Bulgarian President Rossen Plevneliev said on May 20 2016 that he would not stand for re-election in the country’s autumn elections.
His reasons were personal, he said. Plevneliev said that his decision did not mean that he would be leaving politics, but he would not be founding a new party nor joining an existing one.
Plevneliev was elected at the second round of presidential elections at the end of 2011 on the ticket of Prime Minister Boiko Borissov’s centre-right GERB party. Plevneliev, whom Borissov recruited from the private sector to serve as regional development and public works minister in Borissov’s first Cabinet, took office as head of state in January 2012.
In recent months, Borissov and senior members of GERB had declined to say whether Plevneliev would be the party’s candidate in the presidential elections, expected in late October or early November 2016. Bulgaria’s constitution has a two-term limit for the President.
Plevneliev’s May 20 announcement came much earlier than the earlier June 30 deadline he had stated for declaring whether he would be a candidate.
His announcement came after minority opposition right-wing party the Democrats for a Strong Bulgaria appealed for pro-European, centre-right unity behind a Plevneliev candidacy for a second term as President.
Recently, Plevneliev has been at the centre of controversy over the National Assembly’s approval of an election law that would effectively cut back the opportunities of Bulgarians abroad to vote in elections.
The amendments to the rules on voting abroad were tabled by the nationalist Patriotic Front, a minority partner in the ruling coalition, and were targeted against the opposition Movement for Rights and Freedoms, which has a track record of getting votes in Turkey.
Plevneliev imposed a veto on the amendments, citing concerns that they were unconstitutional, but the ruling parties bowed to a Patriotic Front demand to overturn his veto. The Patriotic Front had accused Plevneliev of imposing the veto in what they called an attempt to widen his possible electoral base for a second term.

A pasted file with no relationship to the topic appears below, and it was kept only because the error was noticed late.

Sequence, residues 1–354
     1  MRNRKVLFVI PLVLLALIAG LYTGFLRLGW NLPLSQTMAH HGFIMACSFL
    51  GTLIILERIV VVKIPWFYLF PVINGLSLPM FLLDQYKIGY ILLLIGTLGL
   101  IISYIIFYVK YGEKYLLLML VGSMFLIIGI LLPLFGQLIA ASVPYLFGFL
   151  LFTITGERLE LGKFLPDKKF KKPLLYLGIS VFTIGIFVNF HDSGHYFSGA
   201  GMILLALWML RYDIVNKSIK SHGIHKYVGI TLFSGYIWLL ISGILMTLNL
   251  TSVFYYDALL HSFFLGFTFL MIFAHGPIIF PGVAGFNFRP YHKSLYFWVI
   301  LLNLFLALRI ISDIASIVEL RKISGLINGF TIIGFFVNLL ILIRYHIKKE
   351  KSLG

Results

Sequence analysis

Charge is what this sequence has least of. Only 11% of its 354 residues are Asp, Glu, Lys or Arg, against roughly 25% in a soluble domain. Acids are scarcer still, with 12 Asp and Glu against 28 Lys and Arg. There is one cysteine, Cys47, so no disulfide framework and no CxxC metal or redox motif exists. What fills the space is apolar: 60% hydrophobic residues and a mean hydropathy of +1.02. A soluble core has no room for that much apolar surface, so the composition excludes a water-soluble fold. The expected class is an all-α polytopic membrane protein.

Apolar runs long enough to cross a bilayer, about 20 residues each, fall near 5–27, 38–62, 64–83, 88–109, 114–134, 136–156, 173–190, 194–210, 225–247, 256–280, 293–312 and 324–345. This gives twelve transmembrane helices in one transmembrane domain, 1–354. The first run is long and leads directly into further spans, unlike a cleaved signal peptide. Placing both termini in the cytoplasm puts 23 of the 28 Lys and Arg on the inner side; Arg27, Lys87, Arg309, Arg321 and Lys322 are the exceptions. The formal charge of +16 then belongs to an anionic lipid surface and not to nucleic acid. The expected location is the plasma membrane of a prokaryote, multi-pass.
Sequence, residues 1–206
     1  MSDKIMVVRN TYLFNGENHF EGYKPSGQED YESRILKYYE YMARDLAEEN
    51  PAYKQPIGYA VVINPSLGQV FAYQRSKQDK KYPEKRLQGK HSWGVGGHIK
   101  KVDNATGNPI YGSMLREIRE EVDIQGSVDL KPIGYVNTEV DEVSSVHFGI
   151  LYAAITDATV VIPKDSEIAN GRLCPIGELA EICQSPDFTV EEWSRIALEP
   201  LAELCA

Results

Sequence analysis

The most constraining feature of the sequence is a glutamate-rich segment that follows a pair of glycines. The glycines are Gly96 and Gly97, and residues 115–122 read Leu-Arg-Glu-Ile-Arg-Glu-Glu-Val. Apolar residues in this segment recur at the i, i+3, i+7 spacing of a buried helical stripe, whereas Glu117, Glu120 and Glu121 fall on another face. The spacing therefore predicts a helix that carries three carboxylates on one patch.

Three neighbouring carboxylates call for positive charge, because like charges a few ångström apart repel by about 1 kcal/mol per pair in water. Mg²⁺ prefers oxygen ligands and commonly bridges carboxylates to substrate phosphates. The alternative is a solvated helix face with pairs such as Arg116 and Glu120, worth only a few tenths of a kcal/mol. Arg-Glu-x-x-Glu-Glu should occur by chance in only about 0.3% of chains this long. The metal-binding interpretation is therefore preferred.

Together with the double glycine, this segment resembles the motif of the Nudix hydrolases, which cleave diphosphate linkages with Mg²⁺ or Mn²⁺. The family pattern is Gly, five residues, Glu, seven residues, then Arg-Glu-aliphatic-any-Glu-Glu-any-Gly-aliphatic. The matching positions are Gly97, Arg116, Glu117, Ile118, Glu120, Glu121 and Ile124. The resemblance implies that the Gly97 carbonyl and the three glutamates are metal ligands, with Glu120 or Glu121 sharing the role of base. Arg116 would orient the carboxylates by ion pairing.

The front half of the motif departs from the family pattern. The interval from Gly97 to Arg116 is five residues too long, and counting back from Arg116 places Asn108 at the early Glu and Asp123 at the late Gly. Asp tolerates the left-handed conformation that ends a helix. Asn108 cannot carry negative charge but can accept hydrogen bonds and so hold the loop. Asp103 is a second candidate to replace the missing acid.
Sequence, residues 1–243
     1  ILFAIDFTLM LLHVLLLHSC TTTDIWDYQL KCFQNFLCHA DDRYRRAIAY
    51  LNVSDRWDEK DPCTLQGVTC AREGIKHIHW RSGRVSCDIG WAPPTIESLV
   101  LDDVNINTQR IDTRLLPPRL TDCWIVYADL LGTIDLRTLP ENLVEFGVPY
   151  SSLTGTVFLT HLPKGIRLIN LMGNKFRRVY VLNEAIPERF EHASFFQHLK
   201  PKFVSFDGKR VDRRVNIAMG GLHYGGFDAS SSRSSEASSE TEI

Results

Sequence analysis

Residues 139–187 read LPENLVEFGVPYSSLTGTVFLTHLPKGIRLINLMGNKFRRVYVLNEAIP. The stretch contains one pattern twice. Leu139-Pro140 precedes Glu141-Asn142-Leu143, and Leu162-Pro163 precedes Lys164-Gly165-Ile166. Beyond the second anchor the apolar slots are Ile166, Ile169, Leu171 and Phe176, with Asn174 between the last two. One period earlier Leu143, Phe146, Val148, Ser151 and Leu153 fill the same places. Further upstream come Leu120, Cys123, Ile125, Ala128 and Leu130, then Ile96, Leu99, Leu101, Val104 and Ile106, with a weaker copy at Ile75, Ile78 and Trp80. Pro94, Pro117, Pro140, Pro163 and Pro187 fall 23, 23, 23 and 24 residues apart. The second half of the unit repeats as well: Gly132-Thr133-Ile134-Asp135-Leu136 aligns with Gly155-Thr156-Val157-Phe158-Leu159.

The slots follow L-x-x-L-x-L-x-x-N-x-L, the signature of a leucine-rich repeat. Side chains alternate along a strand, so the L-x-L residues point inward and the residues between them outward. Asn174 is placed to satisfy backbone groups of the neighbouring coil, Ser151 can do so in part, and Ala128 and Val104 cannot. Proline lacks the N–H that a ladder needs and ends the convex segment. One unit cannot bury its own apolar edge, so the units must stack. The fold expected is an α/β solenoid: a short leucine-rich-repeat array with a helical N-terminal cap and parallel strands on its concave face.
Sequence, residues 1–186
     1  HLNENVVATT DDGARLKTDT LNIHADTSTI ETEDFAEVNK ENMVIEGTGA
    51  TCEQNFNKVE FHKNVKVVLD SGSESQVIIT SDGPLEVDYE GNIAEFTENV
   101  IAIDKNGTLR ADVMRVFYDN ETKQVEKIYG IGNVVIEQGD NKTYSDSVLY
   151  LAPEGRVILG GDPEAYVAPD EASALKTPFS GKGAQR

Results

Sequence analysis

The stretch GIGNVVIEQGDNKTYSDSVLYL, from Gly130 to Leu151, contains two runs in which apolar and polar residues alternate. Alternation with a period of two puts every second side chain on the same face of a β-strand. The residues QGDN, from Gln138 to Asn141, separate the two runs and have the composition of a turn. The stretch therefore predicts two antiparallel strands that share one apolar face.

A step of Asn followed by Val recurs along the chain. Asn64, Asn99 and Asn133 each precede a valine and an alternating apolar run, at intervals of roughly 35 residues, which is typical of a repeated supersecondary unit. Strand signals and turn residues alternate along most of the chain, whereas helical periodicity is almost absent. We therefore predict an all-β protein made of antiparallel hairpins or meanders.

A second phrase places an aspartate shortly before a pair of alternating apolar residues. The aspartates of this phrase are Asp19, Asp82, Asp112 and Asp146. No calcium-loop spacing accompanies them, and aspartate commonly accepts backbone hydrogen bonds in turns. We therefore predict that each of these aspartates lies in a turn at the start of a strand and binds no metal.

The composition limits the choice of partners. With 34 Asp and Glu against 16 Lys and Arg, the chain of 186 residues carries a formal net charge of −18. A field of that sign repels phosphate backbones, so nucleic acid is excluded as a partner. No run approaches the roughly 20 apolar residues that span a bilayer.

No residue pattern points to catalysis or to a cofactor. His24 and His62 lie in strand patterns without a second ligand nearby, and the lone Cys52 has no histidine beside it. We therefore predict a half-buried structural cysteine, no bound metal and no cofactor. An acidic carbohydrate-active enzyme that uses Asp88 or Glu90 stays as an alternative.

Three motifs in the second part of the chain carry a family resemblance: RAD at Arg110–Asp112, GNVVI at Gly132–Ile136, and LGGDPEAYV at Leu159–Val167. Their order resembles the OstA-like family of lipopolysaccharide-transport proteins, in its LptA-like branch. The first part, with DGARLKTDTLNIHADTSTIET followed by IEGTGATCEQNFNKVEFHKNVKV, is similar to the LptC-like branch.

Making the announcement, which was broadcast live at noon on radio and television, Plevneliev said: “Do not expect me to found a new political party or participate in any of them. Once a President, always a President,” Plevneliev said. He said that he would complete his term with dedication.
(Two of Bulgaria’s former presidents re-entered politics; Petar Stoyanov became for a time leader of the centre-right Union of Democratic Forces, and Georgi Purvanov, a former leader of the Bulgarian Socialist Party, leads socialist breakaway ABC after failing in a bid to get back the leadership of the BSP after he left office as head of state.)
Plevneliev said that he had informed PM and GERB leader Borissov of his decision.
Plevneliev called on political parties to abandon pettiness ahead of the presidential elections in the autumn and to support judicial reform. He called for creativity and work, and not demagoguery and speculation in Bulgarian politics.
“I want everyone to accept responsibility. In politics there should be moral principles,” Plevneliev said.
He said that in this world, it was not important what you take, but what you give. The people who were genuinely rich were those who gave something to the world.
That was why he had entered politics, he said, to give, to work for the nation and the state. Referring to his private sector career, Plevneliev said that as a manager, he had created jobs for thousands of people, built houses and buildings.
Plevenliev said that in 2009, he had decided it was time to work for the state, time to give.
He had promised, not to someone else but to himself, that he would cling to the chair and the power of the Presidency but would act according to principle and his conscience.
“I made that promise not to someone else, but to myself, because it is easy to lie to others, it is difficult to lie to yourself,” he said.